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dc.contributor.authorYoung, Paul J-
dc.contributor.authorBellomo, Rinaldo-
dc.contributor.authorBernard, Gordon R-
dc.contributor.authorNiven, Daniel J-
dc.contributor.authorSchortgen, Frederique-
dc.contributor.authorSaxena, Manoj-
dc.contributor.authorBeasley, Richard-
dc.contributor.authorWeatherall, Mark-
dc.identifier.citationIntensive Care Medicine 2019; 45(4): 468-476-
dc.description.abstractOne potential way to protect patients from the physiological demands that are a consequence of fever is to aim to prevent fever and to treat it assiduously when it occurs. Our primary hypothesis was that more active fever management would increase survival among patient subgroups with limited physiological reserves such as older patients, patients with higher illness acuity, and those requiring organ support. We conducted an individual-level patient data meta-analysis of randomised controlled trials to compare the outcomes of ICU patients who received more active fever management with the outcomes of patients who received less active fever management. The primary outcome variable of interest was the unadjusted time to death after randomisation. Of 1413 trial participants, 707 were assigned to more active fever management and 706 were assigned to less active fever management. There was no statistically significant heterogeneity in the effect of more active compared with less active fever management on survival in any of the pre-specified subgroups that were chosen to identify patients with limited physiological reserves. Overall, more active fever management did not result in a statistically significant difference in survival time compared with less active fever management [hazard ratio 0.91; (95% CI 0.75-1.10), P = 0.32]. Our findings do not support the hypothesis that more active fever management increases survival compared with less active fever management overall or in patients with limited physiological reserves.-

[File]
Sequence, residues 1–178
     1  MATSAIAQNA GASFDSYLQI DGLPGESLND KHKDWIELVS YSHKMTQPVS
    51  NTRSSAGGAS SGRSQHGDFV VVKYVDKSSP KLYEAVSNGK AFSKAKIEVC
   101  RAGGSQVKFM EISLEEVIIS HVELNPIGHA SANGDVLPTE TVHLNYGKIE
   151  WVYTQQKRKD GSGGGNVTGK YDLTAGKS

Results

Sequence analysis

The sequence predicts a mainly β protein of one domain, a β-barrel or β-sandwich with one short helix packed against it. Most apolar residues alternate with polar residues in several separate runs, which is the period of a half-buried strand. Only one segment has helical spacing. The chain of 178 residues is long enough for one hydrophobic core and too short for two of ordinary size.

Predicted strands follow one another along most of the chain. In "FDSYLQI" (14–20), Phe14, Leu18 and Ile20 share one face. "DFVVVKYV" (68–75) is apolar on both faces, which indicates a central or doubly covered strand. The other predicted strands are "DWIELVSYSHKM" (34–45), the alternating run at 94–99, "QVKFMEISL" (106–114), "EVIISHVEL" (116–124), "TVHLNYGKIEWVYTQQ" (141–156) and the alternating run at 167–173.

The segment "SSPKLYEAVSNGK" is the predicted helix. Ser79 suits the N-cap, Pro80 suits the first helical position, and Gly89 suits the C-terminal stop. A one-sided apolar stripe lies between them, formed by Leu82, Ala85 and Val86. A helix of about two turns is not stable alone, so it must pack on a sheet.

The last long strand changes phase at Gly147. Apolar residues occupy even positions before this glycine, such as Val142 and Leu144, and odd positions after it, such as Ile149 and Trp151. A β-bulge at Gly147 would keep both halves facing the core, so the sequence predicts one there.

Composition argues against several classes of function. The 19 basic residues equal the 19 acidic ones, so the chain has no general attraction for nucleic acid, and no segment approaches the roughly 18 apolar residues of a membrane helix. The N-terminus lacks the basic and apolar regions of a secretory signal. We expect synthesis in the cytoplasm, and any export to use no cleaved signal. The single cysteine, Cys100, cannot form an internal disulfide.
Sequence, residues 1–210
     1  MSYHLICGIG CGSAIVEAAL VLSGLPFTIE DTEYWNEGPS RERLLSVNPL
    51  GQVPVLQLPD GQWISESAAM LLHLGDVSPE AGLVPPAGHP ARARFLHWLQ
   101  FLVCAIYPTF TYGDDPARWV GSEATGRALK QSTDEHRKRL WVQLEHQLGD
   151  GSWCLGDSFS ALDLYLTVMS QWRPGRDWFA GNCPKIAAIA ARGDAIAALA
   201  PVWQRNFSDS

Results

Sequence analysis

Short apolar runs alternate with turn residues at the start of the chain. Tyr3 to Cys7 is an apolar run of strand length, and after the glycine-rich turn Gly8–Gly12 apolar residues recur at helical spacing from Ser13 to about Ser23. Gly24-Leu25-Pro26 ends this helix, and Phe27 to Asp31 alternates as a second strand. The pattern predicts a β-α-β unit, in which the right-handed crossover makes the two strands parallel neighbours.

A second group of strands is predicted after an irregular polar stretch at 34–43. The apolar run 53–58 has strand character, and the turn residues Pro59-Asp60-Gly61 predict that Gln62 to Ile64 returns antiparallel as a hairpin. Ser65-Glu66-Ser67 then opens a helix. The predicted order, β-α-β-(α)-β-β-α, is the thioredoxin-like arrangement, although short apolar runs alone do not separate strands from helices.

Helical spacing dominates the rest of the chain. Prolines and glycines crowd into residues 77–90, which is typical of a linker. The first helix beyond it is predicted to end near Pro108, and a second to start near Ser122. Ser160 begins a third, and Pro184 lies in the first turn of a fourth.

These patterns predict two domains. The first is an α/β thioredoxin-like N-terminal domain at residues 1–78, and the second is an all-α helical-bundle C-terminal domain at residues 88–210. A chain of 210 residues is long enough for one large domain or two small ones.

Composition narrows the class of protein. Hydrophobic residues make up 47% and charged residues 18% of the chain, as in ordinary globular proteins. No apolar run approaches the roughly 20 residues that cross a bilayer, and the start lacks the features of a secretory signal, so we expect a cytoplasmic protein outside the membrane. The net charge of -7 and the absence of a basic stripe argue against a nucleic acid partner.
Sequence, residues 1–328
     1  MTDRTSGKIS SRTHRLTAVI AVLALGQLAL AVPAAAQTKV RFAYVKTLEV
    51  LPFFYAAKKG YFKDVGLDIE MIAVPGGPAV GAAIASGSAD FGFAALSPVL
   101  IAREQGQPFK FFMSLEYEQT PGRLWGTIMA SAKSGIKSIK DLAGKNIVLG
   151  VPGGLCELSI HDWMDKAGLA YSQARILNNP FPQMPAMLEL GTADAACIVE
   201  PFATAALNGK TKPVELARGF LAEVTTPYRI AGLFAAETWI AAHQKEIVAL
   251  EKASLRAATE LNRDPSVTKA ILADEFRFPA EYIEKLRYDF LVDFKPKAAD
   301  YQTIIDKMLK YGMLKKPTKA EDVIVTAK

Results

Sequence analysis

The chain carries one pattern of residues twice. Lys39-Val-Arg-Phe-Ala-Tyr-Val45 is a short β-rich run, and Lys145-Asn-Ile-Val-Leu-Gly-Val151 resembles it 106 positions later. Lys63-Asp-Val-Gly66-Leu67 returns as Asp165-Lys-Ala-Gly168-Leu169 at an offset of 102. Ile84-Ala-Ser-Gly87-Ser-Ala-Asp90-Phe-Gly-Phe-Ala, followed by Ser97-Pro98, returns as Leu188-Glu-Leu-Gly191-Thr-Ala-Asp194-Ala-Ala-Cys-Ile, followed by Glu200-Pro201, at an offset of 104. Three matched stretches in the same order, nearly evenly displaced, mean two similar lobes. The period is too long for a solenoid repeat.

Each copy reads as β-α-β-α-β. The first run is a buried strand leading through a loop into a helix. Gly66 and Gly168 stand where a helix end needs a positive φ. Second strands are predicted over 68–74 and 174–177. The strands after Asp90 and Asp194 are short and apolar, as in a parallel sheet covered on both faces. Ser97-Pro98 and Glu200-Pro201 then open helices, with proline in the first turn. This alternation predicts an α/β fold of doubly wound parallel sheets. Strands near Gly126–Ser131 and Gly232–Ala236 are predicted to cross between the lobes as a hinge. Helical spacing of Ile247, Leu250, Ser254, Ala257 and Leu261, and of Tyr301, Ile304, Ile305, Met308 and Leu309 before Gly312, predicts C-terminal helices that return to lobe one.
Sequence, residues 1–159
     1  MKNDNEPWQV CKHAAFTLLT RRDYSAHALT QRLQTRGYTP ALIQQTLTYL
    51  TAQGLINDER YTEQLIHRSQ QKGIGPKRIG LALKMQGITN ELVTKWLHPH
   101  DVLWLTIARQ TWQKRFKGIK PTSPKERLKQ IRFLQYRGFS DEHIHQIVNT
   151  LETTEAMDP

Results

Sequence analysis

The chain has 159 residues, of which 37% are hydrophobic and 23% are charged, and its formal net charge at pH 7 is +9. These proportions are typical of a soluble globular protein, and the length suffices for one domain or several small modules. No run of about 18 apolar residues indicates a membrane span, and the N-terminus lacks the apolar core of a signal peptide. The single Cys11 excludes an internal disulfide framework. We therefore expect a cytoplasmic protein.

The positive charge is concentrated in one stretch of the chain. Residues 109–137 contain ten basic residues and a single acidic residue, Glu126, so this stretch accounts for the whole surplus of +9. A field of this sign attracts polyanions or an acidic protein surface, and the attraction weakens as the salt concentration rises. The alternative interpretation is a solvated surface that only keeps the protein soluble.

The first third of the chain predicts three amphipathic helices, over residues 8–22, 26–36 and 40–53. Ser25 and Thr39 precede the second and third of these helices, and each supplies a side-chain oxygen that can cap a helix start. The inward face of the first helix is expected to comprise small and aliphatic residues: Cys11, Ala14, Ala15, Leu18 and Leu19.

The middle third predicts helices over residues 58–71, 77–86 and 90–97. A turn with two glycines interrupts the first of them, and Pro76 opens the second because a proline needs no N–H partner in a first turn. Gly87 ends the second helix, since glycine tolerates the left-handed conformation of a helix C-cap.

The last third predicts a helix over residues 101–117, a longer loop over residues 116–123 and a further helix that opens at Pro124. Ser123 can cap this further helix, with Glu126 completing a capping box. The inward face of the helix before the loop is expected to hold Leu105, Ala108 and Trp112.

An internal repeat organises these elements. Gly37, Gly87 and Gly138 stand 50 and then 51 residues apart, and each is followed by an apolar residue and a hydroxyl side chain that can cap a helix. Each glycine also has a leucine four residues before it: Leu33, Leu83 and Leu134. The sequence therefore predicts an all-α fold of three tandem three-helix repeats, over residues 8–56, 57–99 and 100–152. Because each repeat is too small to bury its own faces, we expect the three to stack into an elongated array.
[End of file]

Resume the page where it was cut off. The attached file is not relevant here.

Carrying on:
dc.subjectNon-steroidal anti-inflammatory drugs-
dc.subjectPhysical cooling-
dc.subjectSeptic shock-
dc.titleFever control in critically ill adults. An individual patient data meta-analysis of randomised controlled trials.-
dc.typeJournal Article-
dc.identifier.journaltitleIntensive Care Medicine-
dc.identifier.affiliationVanderbilt University Medical Center, Nashville, TN, USA-
dc.identifier.affiliationDepartment of Critical Care Medicine, Cumming School of Medicine, University of Calgary, Calgary, AB, Canada-
dc.identifier.affiliationAdult Intensive Care Unit, Centre Hospitalier Intercommunal de Créteil, Créteil, France-
dc.identifier.affiliationMedical Research Institute of New Zealand, Wellington, New Zealand.en
dc.identifier.affiliationThe George Institute for Global Health, Sydney, Australiaen
dc.identifier.affiliationBankstown Hospital, University of New South Wales, South Western Sydney Local Health District, Sydney, NSW, Australiaen
dc.identifier.affiliationAustin Health, Heidelberg, Victoria, Australiaen
dc.identifier.affiliationUniversity of Otago, Wellington, New Zealanden
dc.identifier.affiliationMedical Research Institute of New Zealand, Wellington, New Zealanden
dc.identifier.affiliationIntensive Care Unit, Wellington Hospital, Capital and Coast District Health Board, Wellington, New Zealand.en
dc.type.austinJournal Article-, Rinaldo
item.openairetypeJournal Article-
item.fulltextNo Fulltext-
item.languageiso639-1en- Care- Analytics Research and Evaluation (DARE) Centre-
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